How to make a DIY driftwood planter by re-purposing from nature.
Don’t have driftwood? Substitute with a cedar tree trunk or any old rotted wood.
Okay, I bet you are wondering how you grow plants in driftwood.
The way plants grow in driftwood is because of the natural grooves and nooks in the wood. These provide enough depth for plants to grow.
And succulents are a great choice for a driftwood planter because many succulents have shorter roots and don’t need a great amount of depth to grow.
Air plants are also perfect, don’t be afraid to use those in this planter too.
So how come I’m using cedar instead of actual driftwood? Here’s the story, I have a lot of woods behind my house and am fortunate that there are trails I can walk on.
On my walks, I kept seeing trunks of cedar trees that had been cut down at some point because they were dying or dead.
They had rotted from the ground and were easy to pick right up and I thought they were beautiful and unique looking and they reminded me of driftwood.
I don’t have easy access to driftwood so I thought I would take advantage of the cedar tree trunks and use them as ‘driftwood planters’.
And by the way, driftwood planters are sometimes referred to as log planters or even branch planters– so there ya go.
The only drawback to these is that cedar is an incredibly hard wood, so carving out deeper divots for planting the succulents was a little challenging.
I make lots of planters so if you haven’t seen them and you want to check out some unique planter projects, then check out these tutorials:
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DIY DIFFICULTY LEVEL | Easy
Materials For Making A Driftwood Planter
- Cedar tree trunk
- Assortment of succulents
- E6000 glue
- Chalk or pastels
- Eye dropper
- Soil (may be necessary for deeper grooves)
Tutorial Steps For A DIY Driftwood Planter With Cedar
UPDATE: ONE YEAR LATER
I’ve now had this succulent driftwood planter for a year.
And during that year, I was pleased to discover after looking back at these photos, that out of the 8 or so types I planted, that there were only two types of succulents that didn’t make it.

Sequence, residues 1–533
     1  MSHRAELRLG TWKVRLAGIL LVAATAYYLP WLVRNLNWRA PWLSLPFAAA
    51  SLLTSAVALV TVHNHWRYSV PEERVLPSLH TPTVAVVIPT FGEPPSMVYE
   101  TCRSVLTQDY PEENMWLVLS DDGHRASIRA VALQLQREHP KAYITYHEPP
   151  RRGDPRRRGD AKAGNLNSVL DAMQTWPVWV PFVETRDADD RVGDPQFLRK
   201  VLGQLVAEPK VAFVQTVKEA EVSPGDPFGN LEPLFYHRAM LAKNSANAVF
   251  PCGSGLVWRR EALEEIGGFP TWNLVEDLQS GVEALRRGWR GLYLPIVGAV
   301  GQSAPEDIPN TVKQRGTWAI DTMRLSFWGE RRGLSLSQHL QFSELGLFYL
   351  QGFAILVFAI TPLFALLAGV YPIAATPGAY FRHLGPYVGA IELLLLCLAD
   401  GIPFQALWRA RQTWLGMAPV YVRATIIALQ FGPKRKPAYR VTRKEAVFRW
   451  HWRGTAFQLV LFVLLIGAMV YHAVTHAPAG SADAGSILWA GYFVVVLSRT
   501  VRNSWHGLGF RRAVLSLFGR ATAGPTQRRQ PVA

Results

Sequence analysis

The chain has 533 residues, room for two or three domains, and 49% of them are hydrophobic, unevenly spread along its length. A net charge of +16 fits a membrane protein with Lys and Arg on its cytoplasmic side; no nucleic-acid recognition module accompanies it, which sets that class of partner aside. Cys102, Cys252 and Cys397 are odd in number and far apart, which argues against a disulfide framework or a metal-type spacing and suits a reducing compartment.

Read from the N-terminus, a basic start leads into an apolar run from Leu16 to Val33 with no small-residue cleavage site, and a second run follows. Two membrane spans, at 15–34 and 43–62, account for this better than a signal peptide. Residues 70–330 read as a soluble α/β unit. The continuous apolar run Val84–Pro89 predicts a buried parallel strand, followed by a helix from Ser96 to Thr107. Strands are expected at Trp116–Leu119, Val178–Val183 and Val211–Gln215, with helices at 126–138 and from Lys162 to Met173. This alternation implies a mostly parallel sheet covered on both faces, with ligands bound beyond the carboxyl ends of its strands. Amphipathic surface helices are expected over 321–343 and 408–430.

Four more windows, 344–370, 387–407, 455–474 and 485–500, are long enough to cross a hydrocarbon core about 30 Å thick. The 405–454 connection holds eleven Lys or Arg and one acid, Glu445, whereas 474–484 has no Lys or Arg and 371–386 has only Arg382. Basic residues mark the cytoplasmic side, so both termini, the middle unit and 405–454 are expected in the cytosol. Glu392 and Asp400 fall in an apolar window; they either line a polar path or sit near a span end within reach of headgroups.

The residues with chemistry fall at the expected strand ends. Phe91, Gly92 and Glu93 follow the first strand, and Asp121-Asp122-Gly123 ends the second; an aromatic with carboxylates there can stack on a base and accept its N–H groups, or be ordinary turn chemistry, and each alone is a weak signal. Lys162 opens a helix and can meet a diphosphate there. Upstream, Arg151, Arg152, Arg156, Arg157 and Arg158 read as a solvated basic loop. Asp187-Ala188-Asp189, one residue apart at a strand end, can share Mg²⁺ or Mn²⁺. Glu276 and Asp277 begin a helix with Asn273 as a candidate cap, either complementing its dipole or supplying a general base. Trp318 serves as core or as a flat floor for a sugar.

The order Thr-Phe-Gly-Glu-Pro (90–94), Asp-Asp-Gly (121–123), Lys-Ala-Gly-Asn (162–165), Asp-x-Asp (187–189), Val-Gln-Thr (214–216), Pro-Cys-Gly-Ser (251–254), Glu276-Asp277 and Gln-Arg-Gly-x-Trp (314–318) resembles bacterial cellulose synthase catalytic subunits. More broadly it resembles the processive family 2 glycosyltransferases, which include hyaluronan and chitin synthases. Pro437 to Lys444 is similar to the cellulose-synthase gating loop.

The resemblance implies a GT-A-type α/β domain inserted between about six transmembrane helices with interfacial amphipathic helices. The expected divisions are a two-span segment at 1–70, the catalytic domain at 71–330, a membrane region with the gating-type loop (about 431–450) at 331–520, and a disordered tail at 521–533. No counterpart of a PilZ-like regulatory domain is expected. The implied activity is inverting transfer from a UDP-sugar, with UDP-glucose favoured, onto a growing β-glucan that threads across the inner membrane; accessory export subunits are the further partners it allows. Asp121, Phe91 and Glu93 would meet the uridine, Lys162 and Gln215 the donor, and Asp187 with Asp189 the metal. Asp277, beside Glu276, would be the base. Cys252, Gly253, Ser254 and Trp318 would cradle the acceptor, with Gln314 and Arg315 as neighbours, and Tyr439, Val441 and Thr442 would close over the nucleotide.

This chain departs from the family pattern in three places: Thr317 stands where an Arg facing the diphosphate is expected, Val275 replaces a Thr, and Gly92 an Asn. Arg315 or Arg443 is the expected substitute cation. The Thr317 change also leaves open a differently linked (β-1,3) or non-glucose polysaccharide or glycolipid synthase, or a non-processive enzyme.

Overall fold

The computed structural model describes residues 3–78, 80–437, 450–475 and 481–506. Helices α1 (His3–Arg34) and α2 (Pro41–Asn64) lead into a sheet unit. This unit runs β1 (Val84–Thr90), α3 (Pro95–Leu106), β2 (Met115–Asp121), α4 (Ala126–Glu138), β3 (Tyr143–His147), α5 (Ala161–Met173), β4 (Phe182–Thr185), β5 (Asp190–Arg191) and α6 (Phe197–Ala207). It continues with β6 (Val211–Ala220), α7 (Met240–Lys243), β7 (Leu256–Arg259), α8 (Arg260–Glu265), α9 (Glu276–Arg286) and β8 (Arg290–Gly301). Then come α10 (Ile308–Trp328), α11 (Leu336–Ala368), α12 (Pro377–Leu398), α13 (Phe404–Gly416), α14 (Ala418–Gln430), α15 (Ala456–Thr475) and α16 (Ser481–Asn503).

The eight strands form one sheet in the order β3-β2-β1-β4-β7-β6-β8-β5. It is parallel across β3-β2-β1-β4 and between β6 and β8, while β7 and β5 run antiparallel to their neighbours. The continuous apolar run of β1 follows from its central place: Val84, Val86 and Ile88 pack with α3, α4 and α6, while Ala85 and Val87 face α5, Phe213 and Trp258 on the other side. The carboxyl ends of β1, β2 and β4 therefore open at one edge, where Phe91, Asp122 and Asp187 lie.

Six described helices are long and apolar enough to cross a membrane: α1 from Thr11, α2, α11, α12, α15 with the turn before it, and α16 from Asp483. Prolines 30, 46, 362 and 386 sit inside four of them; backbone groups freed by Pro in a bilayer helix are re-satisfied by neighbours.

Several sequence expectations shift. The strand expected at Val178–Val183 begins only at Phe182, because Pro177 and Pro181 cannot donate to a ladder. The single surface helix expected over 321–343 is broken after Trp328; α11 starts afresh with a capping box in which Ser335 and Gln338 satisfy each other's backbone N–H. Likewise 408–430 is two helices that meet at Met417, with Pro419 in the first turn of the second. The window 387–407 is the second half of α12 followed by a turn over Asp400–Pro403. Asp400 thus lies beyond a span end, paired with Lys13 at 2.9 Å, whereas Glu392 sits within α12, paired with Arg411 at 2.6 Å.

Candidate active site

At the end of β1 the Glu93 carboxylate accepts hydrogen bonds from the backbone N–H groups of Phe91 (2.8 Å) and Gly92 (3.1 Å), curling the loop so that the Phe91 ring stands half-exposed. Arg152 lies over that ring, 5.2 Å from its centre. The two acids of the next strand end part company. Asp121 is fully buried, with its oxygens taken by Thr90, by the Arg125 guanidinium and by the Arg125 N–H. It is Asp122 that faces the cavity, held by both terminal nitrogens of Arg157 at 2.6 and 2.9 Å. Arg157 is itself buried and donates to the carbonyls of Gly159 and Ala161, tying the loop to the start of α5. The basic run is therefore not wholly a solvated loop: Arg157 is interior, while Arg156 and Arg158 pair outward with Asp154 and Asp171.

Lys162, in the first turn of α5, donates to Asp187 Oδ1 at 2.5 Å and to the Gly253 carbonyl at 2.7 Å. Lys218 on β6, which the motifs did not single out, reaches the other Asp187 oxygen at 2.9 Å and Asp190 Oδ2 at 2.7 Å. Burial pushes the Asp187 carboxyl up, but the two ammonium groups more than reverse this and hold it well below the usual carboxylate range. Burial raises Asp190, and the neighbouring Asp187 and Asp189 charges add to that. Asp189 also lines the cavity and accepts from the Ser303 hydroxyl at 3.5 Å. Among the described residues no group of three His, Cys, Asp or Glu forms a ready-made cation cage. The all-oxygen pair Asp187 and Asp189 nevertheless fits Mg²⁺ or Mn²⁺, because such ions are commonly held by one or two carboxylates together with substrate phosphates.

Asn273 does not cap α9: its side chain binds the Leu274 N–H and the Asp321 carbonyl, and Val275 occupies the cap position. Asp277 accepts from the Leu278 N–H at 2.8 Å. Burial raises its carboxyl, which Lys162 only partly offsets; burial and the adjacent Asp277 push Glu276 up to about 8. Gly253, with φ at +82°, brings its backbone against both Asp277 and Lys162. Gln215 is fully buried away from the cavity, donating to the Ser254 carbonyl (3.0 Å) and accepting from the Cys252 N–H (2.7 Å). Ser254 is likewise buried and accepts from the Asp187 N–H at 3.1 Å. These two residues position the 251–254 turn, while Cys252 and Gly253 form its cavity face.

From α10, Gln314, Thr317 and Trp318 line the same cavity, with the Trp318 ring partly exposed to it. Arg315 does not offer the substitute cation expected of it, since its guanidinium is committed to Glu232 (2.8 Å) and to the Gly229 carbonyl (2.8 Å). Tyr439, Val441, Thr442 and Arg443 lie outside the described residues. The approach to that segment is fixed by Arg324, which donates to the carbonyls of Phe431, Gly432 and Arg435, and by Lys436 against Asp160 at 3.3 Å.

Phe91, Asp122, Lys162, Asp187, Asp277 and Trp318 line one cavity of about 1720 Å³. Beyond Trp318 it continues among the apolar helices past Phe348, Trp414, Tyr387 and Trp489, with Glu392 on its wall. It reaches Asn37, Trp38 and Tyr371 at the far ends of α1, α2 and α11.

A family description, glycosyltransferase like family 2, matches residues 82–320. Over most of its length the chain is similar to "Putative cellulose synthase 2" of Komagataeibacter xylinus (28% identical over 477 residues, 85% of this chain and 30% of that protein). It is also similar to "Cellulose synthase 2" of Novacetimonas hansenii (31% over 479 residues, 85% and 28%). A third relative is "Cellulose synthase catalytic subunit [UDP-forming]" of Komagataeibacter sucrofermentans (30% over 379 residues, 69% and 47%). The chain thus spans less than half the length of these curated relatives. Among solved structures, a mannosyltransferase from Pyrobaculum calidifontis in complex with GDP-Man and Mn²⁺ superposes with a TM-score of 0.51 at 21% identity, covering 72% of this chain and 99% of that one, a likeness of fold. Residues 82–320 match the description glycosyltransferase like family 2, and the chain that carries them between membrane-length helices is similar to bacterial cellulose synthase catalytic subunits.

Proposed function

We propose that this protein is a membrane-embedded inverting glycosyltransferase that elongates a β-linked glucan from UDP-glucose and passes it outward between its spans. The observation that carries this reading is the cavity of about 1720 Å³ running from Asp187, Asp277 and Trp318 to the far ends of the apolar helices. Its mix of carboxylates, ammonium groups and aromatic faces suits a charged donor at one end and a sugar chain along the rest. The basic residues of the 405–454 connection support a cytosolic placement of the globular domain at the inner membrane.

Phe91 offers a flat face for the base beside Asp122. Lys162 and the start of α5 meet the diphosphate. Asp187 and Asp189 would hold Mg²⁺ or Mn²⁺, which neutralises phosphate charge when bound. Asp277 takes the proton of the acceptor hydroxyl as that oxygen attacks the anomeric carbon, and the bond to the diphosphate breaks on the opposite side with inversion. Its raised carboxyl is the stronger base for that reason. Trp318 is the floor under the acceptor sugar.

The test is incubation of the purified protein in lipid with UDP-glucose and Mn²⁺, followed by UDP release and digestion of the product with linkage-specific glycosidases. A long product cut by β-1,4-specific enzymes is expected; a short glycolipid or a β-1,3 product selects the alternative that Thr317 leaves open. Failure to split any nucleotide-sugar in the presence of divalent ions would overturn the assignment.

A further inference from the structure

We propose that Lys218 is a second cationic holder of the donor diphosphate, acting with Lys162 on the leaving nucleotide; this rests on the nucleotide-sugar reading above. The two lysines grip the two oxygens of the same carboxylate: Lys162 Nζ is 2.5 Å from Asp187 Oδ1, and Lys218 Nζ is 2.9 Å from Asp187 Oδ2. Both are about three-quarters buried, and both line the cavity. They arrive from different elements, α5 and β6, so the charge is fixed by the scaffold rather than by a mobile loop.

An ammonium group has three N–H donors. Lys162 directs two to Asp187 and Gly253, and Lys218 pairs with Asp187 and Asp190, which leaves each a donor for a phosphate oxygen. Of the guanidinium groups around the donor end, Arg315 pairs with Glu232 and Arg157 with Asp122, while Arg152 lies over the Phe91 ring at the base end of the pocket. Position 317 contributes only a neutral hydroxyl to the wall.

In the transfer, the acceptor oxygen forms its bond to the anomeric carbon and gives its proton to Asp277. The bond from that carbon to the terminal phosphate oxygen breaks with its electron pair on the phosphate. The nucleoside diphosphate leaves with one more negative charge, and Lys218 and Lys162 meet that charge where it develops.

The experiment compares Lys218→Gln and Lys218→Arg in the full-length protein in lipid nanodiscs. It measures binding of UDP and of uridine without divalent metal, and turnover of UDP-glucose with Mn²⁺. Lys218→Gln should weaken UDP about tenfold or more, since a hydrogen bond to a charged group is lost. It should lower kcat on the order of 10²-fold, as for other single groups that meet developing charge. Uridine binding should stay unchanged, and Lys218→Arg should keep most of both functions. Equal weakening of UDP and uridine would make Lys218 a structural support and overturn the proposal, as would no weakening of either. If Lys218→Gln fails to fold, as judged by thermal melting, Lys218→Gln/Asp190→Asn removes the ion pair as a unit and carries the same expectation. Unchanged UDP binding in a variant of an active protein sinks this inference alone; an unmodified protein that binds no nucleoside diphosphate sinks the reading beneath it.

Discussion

The succulents that gave me trouble are the same types that give me trouble in regular planters as well.
I am seriously lacking a green thumb, so that’s a testament to the hardiness of these plants being planted on this type of planter.
I ended up moving across the country early in the year and I was worried the plants would get damaged in transit, so I temporarily re-homed the succulents to a large container for transport.
The other reason for the update is that after seeing how well the succulents did even in the shallow spots, I realized the grooves don’t require much depth.
So I was able to eliminate a step and downgrade the difficulty level from moderate to easy!
I’ve updated some photos, showing my newly planted cedar driftwood planter.
Step 1. Choose The Wood For Your Planter
Choose a piece of tree trunk that has broken off from a dead cedar tree or other. I have quite a few of these dead trunks around my house.
Just look for one that is visually interesting and had some natural grooves.
The grooves are important and will allow you to skip Step 4 if they are deep enough.
However, you really don’t need much depth to plant the succulents, a groove about 1/8″ – 1/4″ will be enough for most succulents to take root.
If you can’t find a piece of ‘driftwood’ that is already separated from the cedar, then you may need to use a chain saw to cut the tree trunk off from a fallen tree.
Step 2. Prep The Cedar Driftwood
The trunk likely has insects in it, so the way to kill them is with heat. First, start by rinsing the dirt off the trunk.